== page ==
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You Got the COVID Vaccine. Now What?

You Got the COVID Vaccine. Now What?

What kind of safety precautions do vaccinated adults still need to take?

If you chose to get the COVID-19 vaccine when you became eligible, does that mean you can resume your pre-COVID lifestyle? In short, no. The vaccine is not a passport to return to pre-pandemic life and you will still need to take safety precautions after you get the vaccine in order to keep yourself, your loved ones, and your community safe—and to slow the virus’ transmission.

First, remember that vaccines don’t work instantly. You don’t get immunity until 7-14 days after the first dose depending on the vaccine you received. And you won’t get full immunity until 7-14 days after getting the required second dose—21 or 28 days after the first one, depending on which one you got. “You still have to be careful after you get the vaccine,” says Soma Mandal, M.D., a board-certified internist at Summit Medical Group in Berkeley Heights, NJ, and author of Dear Menopause, I Do Not Fear You. “It takes some time for your body to build immunity.”

While these vaccines aren’t perfect, their efficacy was found to be nearly 95-percent in trials. That said, “the vaccine would ideally work if every single person in the United State had the vaccine,” Dr. Mandal says. “Then we wouldn’t need to be as cautious.”

Wondering what else you should keep in mind after getting the COVID vaccine? Here are some other questions that may be on your mind.

Do I need to wear a mask after I get the vaccine?

Don’t toss that mask supply just yet. You’ll be wearing this new fashion accessory indefinitely. You should also continue to social distance and wash your hands frequently because of the chance that you might be one of the unlucky 5 percent of people who didn’t develop a strong immune response from the vaccine, says David Buchholz, M.D., senior founding medical director for primary care at the Columbia University Irving Medical Center in NYC. “As long as there is COVID in our community, we need to continue to take precautions.”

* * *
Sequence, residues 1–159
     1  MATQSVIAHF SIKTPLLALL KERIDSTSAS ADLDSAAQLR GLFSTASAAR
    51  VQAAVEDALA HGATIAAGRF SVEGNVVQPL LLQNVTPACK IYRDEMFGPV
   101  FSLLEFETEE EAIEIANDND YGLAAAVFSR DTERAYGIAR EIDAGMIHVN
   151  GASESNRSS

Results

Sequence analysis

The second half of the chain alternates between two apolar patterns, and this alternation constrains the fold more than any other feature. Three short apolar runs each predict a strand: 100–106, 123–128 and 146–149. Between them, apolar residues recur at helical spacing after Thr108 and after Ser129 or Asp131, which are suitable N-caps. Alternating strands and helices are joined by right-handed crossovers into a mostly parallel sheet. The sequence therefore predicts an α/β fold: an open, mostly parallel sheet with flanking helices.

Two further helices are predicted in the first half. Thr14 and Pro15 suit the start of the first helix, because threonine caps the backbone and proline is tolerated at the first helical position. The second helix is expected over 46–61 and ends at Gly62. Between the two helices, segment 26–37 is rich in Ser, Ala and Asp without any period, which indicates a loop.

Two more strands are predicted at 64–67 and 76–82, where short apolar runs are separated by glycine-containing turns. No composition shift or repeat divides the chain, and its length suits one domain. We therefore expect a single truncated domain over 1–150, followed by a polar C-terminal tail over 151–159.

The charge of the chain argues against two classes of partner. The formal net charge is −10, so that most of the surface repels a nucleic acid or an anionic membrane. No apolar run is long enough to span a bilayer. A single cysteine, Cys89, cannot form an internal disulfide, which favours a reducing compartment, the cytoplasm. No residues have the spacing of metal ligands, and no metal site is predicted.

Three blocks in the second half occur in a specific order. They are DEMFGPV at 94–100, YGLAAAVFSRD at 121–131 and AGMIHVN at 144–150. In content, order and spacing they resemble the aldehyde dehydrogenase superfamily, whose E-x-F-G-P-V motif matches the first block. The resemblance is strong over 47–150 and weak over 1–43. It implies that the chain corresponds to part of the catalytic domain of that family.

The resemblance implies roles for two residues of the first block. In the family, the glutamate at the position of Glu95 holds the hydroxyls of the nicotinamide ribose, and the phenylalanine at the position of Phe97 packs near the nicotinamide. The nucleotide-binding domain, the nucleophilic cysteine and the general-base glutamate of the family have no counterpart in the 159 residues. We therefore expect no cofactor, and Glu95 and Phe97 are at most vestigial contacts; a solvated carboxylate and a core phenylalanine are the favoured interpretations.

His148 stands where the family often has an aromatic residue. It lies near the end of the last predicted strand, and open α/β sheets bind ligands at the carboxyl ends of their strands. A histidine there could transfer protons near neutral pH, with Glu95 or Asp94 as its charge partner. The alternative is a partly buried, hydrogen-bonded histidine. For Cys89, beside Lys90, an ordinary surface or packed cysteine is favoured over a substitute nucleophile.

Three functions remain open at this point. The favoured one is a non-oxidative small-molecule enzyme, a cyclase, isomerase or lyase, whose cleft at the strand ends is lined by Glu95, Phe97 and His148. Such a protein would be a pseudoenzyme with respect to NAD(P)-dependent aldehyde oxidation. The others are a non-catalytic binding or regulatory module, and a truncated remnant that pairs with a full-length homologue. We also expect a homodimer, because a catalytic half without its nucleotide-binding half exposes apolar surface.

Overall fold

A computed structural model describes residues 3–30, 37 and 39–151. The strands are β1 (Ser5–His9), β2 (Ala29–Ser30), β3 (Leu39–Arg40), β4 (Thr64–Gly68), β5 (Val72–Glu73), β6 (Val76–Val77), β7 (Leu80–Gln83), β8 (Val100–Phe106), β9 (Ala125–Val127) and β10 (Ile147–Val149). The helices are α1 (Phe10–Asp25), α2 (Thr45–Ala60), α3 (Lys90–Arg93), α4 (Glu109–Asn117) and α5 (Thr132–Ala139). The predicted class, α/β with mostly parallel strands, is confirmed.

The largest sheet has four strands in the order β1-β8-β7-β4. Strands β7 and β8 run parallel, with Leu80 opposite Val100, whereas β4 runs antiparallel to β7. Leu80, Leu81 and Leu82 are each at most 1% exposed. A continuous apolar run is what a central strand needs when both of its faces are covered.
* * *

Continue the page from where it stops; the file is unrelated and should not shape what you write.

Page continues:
Researchers aren’t sure how long immunity lasts from the vaccine. Plus, the virus is mutating around the world, creating variations that seem to be more contagious. “Whether the vaccines will be effective against those variants is still yet to be determined. The vaccine can give you a false sense of security,” says Niket Sonpal, M.D., adjunct assistant professor of clinical medicine in the Department of Basic Biomedical Sciences at Touro College of Osteopathic Medicine in New York City. “We don’t want people to let their guard down.”

Also, you may be asymptomatic, meaning you don’t show symptoms, but you have a low level of the virus in your system that is transmittable to others. “You should do what you did before you got the vaccine, until experts tell us it’s safe not to do so,” says Louis Calderon, R.N., at Catholic Hospital in Bethpage. “Pretend like you didn’t even get [the vaccine]. There is still a tiny chance that you can get COVID. For some people, that five percent can matter. We need everyone to get the vaccine for it to work.”

Can we visit with elderly grandparents if I am vaccinated?

Since the pandemic started, Dr. Mandal’s children have only seen her mother, their grandmother, on FaceTime as they didn’t feel comfortable having an in-person visit. Once Dr. Mandel’s mother received her first dose of the vaccine, Dr. Mandal felt more comfortable. So, she, her mother, and her elementary school-aged daughter met up outside with masks on and social distancing in effect.